By Augusto Semmelroth | Source: ABS, ABARES, MLA/ALFA, ACU
Grainfed cattle slaughter numbers have grown steadily since 2011/12 to reach a record level of 2.75 million head in 2014/15. However, despite the 12% increase in annual grainfed throughput from 2011/12 levels, the percentage of cattle finished on grain fell from 34% to 29% of the national slaughter tally in 2014/15. With the end of drought-induced turnoff looming, grainfed marketings will regain some market share going forward.
National adult cattle slaughter has skyrocketed over the last three financial years. After an intense but short-lived herd rebuild phase between 2010 and 2012, the herd was rapidly liquidated on the back of remarkably poor seasonal conditions in northern Australia and robust export demand. By 2016, the herd is expected to be reduced to its lowest level in 20 years, somewhere around 26-26.5 million head (figure 1).
While much has been said about record grassfed and grainfed cattle turnoff levels in isolation, the comparative magnitude of the surge in throughput is hardly gauged. Anecdotally, grassfed turnoff is king under a liquidation phase as females exit the herd and producers rapidly destock. However, given the strong increase in cattle on feed numbers since 2013, have grainfed marketings risen at a similar pace to their grassfed counterparts this time?
To put the recent surge in grainfed and grassfed killings into perspective, figure 2 shows an index portraying the growth in annual slaughter rates using 2011/12 as a base. The results are quite telling and give a better idea of the magnitude of the spike in grassfed killings compared to grainfed.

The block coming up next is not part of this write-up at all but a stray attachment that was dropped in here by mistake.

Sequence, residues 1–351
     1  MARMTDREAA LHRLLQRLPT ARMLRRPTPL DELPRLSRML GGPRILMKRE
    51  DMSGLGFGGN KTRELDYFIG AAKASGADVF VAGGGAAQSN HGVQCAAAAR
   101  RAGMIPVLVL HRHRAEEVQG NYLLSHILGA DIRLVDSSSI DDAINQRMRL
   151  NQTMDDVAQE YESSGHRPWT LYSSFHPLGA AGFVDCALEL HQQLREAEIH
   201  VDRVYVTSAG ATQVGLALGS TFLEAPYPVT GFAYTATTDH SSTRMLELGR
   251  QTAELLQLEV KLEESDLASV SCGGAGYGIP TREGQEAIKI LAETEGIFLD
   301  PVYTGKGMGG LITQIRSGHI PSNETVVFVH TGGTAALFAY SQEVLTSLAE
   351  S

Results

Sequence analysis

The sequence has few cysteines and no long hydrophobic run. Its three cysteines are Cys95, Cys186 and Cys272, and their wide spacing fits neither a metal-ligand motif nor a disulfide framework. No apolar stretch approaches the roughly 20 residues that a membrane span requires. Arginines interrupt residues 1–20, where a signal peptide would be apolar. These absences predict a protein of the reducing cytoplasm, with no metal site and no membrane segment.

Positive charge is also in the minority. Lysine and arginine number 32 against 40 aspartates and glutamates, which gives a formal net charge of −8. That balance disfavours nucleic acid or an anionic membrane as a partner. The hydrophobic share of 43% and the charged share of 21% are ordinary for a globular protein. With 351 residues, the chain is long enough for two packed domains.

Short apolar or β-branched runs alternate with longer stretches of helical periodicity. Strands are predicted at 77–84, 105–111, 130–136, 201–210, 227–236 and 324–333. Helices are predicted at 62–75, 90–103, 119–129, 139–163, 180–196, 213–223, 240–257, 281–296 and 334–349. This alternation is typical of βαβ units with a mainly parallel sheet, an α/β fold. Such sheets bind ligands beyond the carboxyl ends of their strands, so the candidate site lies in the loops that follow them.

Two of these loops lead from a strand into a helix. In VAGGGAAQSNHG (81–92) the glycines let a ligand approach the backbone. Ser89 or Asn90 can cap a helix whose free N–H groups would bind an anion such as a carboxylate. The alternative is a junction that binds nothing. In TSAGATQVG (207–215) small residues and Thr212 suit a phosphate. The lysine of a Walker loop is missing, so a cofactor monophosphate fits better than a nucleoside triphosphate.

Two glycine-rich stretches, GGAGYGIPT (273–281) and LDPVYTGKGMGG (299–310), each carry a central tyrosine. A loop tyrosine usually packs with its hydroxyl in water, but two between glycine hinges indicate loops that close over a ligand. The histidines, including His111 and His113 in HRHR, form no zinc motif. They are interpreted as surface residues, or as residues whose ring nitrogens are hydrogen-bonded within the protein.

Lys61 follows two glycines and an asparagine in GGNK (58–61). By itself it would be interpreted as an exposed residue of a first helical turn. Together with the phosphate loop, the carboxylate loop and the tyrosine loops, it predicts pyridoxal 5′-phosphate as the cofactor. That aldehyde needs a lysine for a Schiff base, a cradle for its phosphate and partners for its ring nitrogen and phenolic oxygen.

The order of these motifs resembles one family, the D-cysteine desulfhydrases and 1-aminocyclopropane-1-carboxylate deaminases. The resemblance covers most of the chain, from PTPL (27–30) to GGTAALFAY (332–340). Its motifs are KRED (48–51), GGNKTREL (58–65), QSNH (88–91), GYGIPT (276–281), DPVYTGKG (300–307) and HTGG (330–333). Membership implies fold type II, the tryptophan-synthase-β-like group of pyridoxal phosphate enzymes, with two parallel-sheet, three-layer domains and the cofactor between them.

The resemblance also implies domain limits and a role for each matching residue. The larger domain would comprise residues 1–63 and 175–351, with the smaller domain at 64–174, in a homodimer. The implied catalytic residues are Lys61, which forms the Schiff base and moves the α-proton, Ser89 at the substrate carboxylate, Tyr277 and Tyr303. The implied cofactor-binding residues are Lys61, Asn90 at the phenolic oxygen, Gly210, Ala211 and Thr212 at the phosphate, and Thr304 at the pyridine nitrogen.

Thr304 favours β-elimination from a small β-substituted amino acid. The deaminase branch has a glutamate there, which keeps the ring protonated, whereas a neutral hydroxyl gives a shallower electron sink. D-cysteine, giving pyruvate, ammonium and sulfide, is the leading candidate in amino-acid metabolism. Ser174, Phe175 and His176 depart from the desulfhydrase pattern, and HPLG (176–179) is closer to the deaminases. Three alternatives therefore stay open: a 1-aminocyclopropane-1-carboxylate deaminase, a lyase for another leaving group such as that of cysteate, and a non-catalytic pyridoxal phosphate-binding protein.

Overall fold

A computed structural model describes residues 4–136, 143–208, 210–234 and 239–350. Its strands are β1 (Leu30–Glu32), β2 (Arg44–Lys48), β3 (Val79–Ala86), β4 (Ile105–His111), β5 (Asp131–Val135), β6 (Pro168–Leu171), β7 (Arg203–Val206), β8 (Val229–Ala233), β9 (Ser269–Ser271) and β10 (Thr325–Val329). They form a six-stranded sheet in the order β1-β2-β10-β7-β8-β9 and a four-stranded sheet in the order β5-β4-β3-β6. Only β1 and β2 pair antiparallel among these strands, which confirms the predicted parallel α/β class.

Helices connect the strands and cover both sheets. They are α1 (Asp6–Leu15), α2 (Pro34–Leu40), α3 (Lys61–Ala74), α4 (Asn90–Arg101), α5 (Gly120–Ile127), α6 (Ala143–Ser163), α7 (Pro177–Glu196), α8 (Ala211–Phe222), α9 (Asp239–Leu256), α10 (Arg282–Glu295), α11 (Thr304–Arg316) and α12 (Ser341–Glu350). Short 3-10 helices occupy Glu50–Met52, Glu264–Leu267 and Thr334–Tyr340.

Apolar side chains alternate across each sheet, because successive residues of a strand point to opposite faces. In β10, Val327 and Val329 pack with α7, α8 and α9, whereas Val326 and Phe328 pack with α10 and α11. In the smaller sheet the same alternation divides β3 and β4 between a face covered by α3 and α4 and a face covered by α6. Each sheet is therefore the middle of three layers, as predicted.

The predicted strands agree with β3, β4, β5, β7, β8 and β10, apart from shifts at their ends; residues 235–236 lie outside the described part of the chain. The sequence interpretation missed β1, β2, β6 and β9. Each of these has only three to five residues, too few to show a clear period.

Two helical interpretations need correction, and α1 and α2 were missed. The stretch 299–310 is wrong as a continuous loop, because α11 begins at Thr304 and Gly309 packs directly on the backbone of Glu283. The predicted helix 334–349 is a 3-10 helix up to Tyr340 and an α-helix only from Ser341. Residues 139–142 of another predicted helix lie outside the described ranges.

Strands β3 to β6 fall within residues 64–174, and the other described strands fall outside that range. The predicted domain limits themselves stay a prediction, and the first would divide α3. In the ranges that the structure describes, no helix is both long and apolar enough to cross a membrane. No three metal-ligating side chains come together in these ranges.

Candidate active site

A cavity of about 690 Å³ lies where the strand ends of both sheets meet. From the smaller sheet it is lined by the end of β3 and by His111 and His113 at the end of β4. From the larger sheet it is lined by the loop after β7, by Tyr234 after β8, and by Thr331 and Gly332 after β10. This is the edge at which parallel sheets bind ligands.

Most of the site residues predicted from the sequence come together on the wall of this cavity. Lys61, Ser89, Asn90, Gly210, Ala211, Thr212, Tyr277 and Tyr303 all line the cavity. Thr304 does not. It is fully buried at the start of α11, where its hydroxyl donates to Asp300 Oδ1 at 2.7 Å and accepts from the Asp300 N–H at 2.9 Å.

Despite the historically high feedlot utilisation rates and record grainfed marketings in 2014/15 with over 2.75 million head slaughtered, numbers were only 12% higher than they were in 2011/12. On the flipside, annual grassfed cattle turnoff has grown by extraordinary 40% in comparison to 2011/12 levels to reach 6.67 million head in 2014/15.
As grassfed cattle slaughter growth has outpaced the rise in the number of cattle finished on grain by a fair margin, grainfed turnoff as a percentage of total output has declined from around 34% in 2011/12 to 29% last financial year (figure 3). That’s the lowest level seen since 2007/08.
Yet, this scenario is expected to reverse quickly in 2015/16 and beyond to see grainfed turnoff move back towards 32-34% of total killings. This is a result of the combination of a sizeable contraction in grassfed slaughter rates and expected high cattle on feed numbers going forward.
This analysis helps us understand that, despite the ongoing increase in grainfed cattle production in recent years, grassfed supply has been the real driver behind the surge in beef output during the period. Much of it, of course, originated from an intense liquidation of breeding stock in northern Australia, which underpinned the drastic reduction in the herd size.
Feedlots are likely to face more challenging market conditions going forward, particularly around securing feeder cattle. However, as feed grain prices ease and robust export demand for grainfed cattle is expected to continue to support firm prices, cattle on feed numbers are expected to remain high in the foreseeable future.
With grassfed throughput projected to decline sharply from 2016 onwards and grainfed cattle production to remain largely steady, grainfed output as a percentage of total beef production will increase. That’s good news for grassfed producers. As grassfed beef becomes relatively more scarce, discounts to grainfed are likely to remain at minimal levels.
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